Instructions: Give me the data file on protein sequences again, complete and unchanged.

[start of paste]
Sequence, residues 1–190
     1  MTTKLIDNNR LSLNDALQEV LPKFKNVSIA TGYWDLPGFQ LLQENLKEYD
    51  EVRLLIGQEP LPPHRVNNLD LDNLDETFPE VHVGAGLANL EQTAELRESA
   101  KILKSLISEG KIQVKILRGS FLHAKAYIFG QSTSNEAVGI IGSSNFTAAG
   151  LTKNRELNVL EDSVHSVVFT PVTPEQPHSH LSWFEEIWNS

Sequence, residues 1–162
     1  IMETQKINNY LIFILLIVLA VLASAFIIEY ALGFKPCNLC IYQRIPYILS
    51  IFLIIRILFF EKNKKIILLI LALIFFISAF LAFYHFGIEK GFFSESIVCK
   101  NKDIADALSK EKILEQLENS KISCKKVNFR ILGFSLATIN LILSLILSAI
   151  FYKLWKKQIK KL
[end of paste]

Sequence, residues 1–190
     1  MTTKLIDNNR LSLNDALQEV LPKFKNVSIA TGYWDLPGFQ LLQENLKEYD
    51  EVRLLIGQEP LPPHRVNNLD LDNLDETFPE VHVGAGLANL EQTAELRESA
   101  KILKSLISEG KIQVKILRGS FLHAKAYIFG QSTSNEAVGI IGSSNFTAAG
   151  LTKNRELNVL EDSVHSVVFT PVTPEQPHSH LSWFEEIWNS

Sequence, residues 1–162
     1  IMETQKINNY LIFILLIVLA VLASAFIIEY ALGFKPCNLC IYQRIPYILS
    51  IFLIIRILFF EKNKKIILLI LALIFFISAF LAFYHFGIEK GFFSESIVCK
   101  NKDIADALSK EKILEQLENS KISCKKVNFR ILGFSLATIN LILSLILSAI
   151  FYKLWKKQIK KL